Maritime Art

The Society for Nautical Research helps to purchase important works of art for the National Maritime Museum. In the interwar years many private art collections were in danger of being sold abroad. Among them was the collection of over 11,000 maritime prints, drawings and paintings of the noted yachtsman and collector Arthur Macpherson. In 1927 the society launched a public appeal to raise the funds to acquire his collection. With the huge generosity of Sir James Caird the collection was purchased and formed one of the founding collections of the National Maritime Museum.

Macpherson had an encyclopedic attitude to art collecting and aimed to document every aspect of maritime history through pictures. The early Netherlandish paintings are particularly fine, including a late sixteenth-century allegory of the Ship of State and Abraham Storck’s ‘Shipping off Amsterdam’.

The surplus of the public appeal was used to create the Macpherson Collection Endowment Fund which continues to be used to assist the purchase of additional works of art for the museum. Among the works purchased are a large number of paintings, prints and drawings by the noted marine artist W. L. Wyllie and an album of drawings by Gabriel Bray from a voyage to Africa in 1775.

The following works of art are taken from the many hundreds acquired for the nation by the society. A new work will be published monthly.

Featured Piece: African Canoe Paddling Through Surf

By Gabriel Bray, (1750-1823)

This is just one of seventy-three sketches by Gabriel Bray that were preserved in an album and purchased for the National Maritime Museum by the Society for Nautical Research’s MacPherson Fund in 1991.

The artist, Gabriel Bray, served as a second lieutenant on the 44-gun HMS Pallas between December 1774 and September 1775 and undertook two voyages to report on British interests in West Africa including the slave trade. This drawing is believed to be from the voyage of 1775. The exact location is unknown but the Africans are believed to be either Fante or Krumen.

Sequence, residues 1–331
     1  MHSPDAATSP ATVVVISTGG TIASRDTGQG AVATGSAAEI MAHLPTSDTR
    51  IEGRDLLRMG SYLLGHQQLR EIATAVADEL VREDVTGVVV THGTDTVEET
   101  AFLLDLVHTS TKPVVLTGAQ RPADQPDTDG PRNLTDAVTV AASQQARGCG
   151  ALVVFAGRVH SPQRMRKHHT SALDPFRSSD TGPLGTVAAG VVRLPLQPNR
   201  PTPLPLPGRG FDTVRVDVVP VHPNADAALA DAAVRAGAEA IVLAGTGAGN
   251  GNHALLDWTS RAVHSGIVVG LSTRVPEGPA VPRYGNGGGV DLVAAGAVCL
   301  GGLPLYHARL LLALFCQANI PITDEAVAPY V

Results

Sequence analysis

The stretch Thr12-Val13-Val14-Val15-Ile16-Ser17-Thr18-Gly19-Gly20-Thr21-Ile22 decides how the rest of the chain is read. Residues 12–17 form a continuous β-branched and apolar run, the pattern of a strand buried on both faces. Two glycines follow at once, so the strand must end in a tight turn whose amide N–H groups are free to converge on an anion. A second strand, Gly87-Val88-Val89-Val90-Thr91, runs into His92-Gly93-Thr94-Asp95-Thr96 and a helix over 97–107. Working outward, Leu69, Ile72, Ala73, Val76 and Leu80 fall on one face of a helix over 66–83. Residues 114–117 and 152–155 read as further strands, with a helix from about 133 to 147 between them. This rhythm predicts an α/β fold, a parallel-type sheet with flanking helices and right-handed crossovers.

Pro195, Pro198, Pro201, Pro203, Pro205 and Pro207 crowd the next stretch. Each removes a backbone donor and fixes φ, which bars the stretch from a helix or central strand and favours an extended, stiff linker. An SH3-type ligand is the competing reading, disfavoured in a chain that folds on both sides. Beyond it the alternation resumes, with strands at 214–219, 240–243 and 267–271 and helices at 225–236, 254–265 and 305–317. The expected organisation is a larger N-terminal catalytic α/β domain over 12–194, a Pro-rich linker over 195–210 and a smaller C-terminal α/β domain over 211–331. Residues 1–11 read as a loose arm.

You can read more about Bray and see more of his work here and a Lieutenant’s Log for Bray’s Journey to the Caribbean in 1774 survives  at the National Maritime Museum in Greenwich. The archival link is here. The Captain’s Log also survives at the National Archives in Kew, Ref: ADM 51/667.

The Society has published a number of articles on the history of slavery in The Mariner’s Mirror  including this important 1997 biography of James Ramsey, a prolific writer, a philanthropist and political activist as well as a naval surgeon and chaplain.

This article from 2002 explores the health of seamen in anti-slavery operations. Tedium interspersed with the dangers of working boats in high surf environments, attacks from slavers and local tribes, and the boarding of slave ships all lead to the highest incidence of illness and death in the Royal Navy. Disease was of particular concern, especially those considered tropical fevers such as malaria, dengue and yellow fever.   Diseases contracted from the slaves, lack of fresh food leading to scurvy plus the climate combined to produce an unhealthy environment. Understanding of the illnesses and more importantly their treatment was still developing, indeed some treatments proved more lethal than the disease itself. But this period does see the shift away from bleeding as a perceived cure for malaria towards the more effective use of chinchona bark